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Introduction to Dental 3D Printing
A quick search on Google for 3D dental printers will result in pages of information on the subject and countless manufacturers getting into this high-growth arena. Industry analysts estimate that the 3D dental industry will grow to over $8.4 billion by 20281, a statistic attracting trusted manufacturers and those hoping to catch the wave. After intraoral scanning, 3D printing is on the equipment wish list for many doctors, including those new to digital dentistry and those who have taken the plunge years ago. When looking at all the possible workflows that could incorporate 3D printing and the savings in time and money, it’s easy to understand why.
3D printing requires the use of digital impressions. Provided the practice has a digital intraoral scanner like the Primescan® AC or Primescan Connect™, 3D printing offers many opportunities to save time and money while delivering excellent patient care. 3D printers can print splints, night guards, surgical guides, working models, temporaries, and more*.
While the adoption of this technology is growing, there are some less desirable aspects of owning and operating a 3D printer. First, the workflow can be complex. After acquiring a digital impression, someone at the practice must design the appliance or prosthesis and then send it to the printer. While that seems straightforward, often, it is not. Sometimes operators must use a dongle or 3rd party software to import and export design files. And each workflow has its unique requirements; whether it be material selection or post-processing, there are multiple opportunities for mistakes and errors.
A few early adopters had to piecemeal their way through this territory using printers not intended for dental applications, including using nail salon curing devices to complete their workflow2. Thankfully, advancements in technology have produced better alternatives.
Material handling poses additional concerns for many clinicians. Some materials release harmful particles into the air, and the resins irritate the skin3. Other hazards can be associated with this technology, and practices must take precautions to ensure operator safety, like wearing gloves and installing vent hoods in the printing area.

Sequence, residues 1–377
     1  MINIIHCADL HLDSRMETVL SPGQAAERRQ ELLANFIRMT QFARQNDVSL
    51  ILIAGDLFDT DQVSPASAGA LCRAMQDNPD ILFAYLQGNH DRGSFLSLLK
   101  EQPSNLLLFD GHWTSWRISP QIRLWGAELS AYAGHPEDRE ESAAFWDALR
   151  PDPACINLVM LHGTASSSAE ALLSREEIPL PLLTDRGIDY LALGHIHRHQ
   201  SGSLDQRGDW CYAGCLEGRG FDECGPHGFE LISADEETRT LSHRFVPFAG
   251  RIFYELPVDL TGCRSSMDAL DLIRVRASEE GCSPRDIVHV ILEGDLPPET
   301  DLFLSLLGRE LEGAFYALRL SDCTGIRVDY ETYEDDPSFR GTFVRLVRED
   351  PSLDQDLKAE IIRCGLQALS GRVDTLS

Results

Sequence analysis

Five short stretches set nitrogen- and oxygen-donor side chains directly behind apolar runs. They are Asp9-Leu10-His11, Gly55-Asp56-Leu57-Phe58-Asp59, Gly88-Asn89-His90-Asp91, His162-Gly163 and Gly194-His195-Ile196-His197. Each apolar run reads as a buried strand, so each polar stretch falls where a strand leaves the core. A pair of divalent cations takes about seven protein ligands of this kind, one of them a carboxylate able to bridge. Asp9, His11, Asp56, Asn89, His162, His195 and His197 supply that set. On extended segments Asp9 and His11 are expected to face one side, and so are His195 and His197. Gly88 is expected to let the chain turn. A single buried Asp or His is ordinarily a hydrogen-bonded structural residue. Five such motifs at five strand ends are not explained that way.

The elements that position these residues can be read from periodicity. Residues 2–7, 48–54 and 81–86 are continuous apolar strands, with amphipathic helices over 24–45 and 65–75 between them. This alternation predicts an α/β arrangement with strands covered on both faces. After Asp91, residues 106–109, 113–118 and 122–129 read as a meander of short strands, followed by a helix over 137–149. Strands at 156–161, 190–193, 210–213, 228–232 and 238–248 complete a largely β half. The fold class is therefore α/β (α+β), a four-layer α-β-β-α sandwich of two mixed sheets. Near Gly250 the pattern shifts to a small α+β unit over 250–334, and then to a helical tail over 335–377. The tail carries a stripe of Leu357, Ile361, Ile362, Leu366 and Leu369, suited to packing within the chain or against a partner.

Lastly, the process can be messy. Some printers require pouring resins into trays, storing unused material in dark containers, and safely disposing expired products and failed prints.
Despite the challenges, doctors are incorporating 3D printing in their offices in large numbers because the benefits outweigh the negatives.
Benefits of 3D Printing
1. Greater efficiency. Creating custom prosthetics manually takes time. Digital dentistry options are faster and require less labor and materials. Additionally, the results are reproducible and accurate4.
2. Speed. Printing a surgical guide or splint in the office saves days or weeks versus waiting for the lab to return the final product.
3. Attracting new patients. Patients expect state-of-the-art technology at their dental office and appreciate single-visit treatments.
4. Being future-ready. As material advances are introduced, the possibilities for additional in-house services will grow.
The Primeprint Difference
While there are several excellent options for 3D printers on the market today, one stand-out is Dentsply Sirona’s Primeprint™ 3D printer. This printer eliminates a number of the drawbacks associated with 3D printing. First, the workflow is fully automated. Color-coded resin matches the color-coded workflow within the design software, and the Primeprint Box transports the printed material through the post-processing workflow without direct contact from the user. This handling process not only increases operator safety but is incredibly efficient, not to mention less messy. Another bonus, Primeprint PPU (post processing unit) doesn’t require additional ventilation. Low-cost options often don’t come close to the safety, value, and efficiency associated with the Dentsply Sirona option. Lastly, the printer produces high-quality, medical-grade appliances and prosthetics consistently.
Primeprint offers clinicians the ability to leverage DS Core™ and DS Core Create™ into their workflow for greater efficiency. DS Core is a software platform for storage and HIPAA compliant file transfer. DS Core Create allows practitioners to outsource the designing of their cases to highly skilled dental technicians. If this is the preferred workflow for the practice, clicking a button within the software sends the scans for design, and the practice will receive the final print-ready file within 24 hours.
“For us dentists, Primeprint turns 3D printing into an efficient application for everyday use and that’s also great for my patients. The workflow is simplified end to end so that I can get very good results.” -Dr. Michael Skramstad, Orono Dental Care, Orono, Minnesota.
If you’re interested in learning more, please contact your Patterson representative or visit: https://www.pattersondental.com/equipment-technology/cad-cam/3d-printers/dentsply-sirona-primeprint-solution
*Not all 3D printers can produce medical-grade appliances, but Primeprint from Dentsply Sirona is an FDA-approved medical device.
Dr. Michael Skramstad is a Key Opinion Leader for Dentsply Sirona.
DS Core Create may not be available in all markets.
1 Dental 3D Printing Market – Dental News (market growth)
2 Dental 3D printing: The technology of now | Dental Economics
3 3D Printing Safety at Work | NIOSH | CDC
4 Reich S, Berndt S, Kühne CH, Herstell H. Accuracy of 3D-Printed Occlusal Devices of Different Volumes Using a
Digital Light Processing Printer Appl. Sci. 2022, 12(3), 1576; https://doi.org/10.3390/app12031576
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